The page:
The myth of the talent shortage
It's a complaint I hear in various work-related contexts—while reviewing candidate resumes, at industry conferences, chatting with clients over dinner: "Good talent is so hard to find." This sentiment, coupled with a range of studies that suggest between 40 percent and 50 percent of professional hires across all industries fail within the first 18 months, suggests that we have a bit of a human resources crisis on our hands.
But the issue is not a dwindling pool of qualified candidates; it's a tired, broken system that relies heavily on "hard" skills and a specific kind of experience. Advertising isn't the only industry guilty of this, but we are the ones who need to fix it.
Whoa, wait … why us?
We're natural innovators. Idea people. And the survival of our industry depends on it.
In his book, "Where Good Ideas Come From," media theorist Steven Johnson debunks the myth that the most ground-breaking ideas are individual epiphanies. In fact, he argues, they are "creative collisions" brought about when people from differing disciplines, experiences and points of view come together to create. If our chief export as an industry is good ideas, we need to create environments where this is the norm.
But making this our default position will require two critical shifts.
A change in perspective
To start, let's stop blaming a "talent shortage." What we have is a finite number of people whom we've traditionally defined as talented. As the long overdue discussion about hiring and promoting more women and people of color persists, we need to cross-tabulate those groups with another cohort often dismissed out of hand, whom I affectionately refer to as "the underdogs." They're the career-switchers, the graduating students who do not come from a celebrated college or portfolio school, the stay-at-home moms returning to work, say, or anyone over the age of 50.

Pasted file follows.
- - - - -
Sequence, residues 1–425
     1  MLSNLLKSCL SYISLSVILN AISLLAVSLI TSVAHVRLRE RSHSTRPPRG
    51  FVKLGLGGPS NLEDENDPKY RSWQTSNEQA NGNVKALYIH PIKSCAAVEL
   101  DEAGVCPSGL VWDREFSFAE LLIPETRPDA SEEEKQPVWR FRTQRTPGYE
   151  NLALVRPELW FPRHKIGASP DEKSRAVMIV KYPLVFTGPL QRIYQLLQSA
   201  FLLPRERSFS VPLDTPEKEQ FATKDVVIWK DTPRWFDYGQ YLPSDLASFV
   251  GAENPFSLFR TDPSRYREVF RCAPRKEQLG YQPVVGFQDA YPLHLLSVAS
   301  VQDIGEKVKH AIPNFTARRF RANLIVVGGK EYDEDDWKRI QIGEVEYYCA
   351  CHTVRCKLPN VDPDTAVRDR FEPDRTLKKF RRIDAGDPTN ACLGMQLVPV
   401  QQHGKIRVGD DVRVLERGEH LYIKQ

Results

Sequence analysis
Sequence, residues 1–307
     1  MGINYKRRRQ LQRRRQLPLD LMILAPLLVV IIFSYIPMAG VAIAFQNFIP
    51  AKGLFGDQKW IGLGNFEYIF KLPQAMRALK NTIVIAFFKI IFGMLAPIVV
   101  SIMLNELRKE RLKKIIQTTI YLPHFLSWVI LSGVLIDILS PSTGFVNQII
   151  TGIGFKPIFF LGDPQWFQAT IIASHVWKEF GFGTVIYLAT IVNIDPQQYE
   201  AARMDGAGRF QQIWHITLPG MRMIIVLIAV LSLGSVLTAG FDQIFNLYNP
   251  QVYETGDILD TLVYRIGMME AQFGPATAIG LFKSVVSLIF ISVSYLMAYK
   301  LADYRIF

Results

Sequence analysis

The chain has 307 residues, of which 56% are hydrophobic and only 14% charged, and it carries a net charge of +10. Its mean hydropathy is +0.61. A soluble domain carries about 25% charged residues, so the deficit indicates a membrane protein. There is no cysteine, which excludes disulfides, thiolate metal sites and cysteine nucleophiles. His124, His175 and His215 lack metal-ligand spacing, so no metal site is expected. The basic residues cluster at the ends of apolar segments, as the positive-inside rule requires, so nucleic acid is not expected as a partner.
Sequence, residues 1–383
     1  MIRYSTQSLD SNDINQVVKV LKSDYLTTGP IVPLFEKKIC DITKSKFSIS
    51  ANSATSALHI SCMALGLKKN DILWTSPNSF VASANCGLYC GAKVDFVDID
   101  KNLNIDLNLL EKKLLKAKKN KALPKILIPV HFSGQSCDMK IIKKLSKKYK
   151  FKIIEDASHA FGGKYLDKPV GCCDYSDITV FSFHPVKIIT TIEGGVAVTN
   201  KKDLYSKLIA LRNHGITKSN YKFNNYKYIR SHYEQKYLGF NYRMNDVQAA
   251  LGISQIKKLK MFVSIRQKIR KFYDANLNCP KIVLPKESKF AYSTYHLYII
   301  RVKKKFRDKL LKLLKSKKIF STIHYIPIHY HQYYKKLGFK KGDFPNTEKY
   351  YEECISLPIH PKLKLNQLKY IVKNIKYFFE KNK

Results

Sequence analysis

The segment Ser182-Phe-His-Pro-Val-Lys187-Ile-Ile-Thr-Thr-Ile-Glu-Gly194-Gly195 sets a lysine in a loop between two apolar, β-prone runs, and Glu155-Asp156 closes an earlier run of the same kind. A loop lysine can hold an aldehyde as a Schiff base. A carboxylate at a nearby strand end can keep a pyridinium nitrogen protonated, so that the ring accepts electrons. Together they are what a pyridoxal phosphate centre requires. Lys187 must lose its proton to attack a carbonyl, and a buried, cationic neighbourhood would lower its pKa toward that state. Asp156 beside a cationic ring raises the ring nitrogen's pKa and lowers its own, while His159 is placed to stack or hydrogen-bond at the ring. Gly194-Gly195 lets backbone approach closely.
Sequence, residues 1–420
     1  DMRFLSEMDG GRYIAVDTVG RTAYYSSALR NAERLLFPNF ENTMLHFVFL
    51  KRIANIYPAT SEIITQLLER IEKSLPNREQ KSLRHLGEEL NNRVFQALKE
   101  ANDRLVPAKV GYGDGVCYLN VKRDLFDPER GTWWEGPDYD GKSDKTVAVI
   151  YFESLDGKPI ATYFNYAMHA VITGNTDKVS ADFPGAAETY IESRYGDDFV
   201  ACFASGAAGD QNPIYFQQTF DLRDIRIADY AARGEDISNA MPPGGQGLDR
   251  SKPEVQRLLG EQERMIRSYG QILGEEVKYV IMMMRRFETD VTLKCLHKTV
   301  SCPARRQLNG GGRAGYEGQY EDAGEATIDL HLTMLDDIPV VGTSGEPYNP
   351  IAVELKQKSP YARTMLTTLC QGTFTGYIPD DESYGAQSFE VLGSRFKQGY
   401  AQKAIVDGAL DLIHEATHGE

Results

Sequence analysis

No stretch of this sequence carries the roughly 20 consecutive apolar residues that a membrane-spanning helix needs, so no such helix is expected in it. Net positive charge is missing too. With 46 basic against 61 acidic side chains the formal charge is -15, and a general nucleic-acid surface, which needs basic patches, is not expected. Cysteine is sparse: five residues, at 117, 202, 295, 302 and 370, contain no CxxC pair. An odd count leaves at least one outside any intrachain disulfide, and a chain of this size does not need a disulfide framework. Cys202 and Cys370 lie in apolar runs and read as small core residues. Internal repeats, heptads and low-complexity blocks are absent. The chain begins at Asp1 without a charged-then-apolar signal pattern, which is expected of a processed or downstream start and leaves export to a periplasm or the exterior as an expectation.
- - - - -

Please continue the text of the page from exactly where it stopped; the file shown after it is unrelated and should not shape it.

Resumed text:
When we encounter underdog candidates, we should examine the potential flipsides of the unflattering narratives we tell ourselves. So, "She only went to the local commuter school" could be changed to, "Maybe she lived at home to save money or take care of an ailing parent—sounds like she's responsible." Someone with a reasonably good portfolio who "didn't actually go through portfolio school" could be thought of as "a creative problem solver." Likewise, "She doesn't have any agency experience" could be turned on its head to be, "She's not afraid to take risks and will come in with a fresh perspective."
In all these cases (assuming the candidates are otherwise qualified), the pros outweigh the reservations.
A change in behavior
The second, more difficult shift is in behavior. We won't change the landscape of our industry if we don't change modes of recruiting and hiring. That 40 percent to 50 percent job failure rate I referred to? Only 11 percent of those failures occurred because of a technical inability to do the job, according to training and research firm Leadership IQ. The great majority of failures were due to a soft-skills shortcoming or mismatch. These skills are more predictive of success than where you went to college or your list of accomplishments.
The ideal scenario would be one universal, empirically validated source of truth, but until that exists, we can get scrappy. Use resume key-word searches to identify soft-skill traits first—then take a look at the more technical details. It's a major reorientation, but at our current rate of failure and the cost associated with it (according to a late 2017 CareerBuilder.com survey, companies lose an average of $14,900 on every bad hire), it's worth seeing if this approach yields better results.
Agencies are at their best when solving acute business problems. This is an opportunity to take on a behemoth, underscore our commitment to innovation and show other industries how we lead with solutions.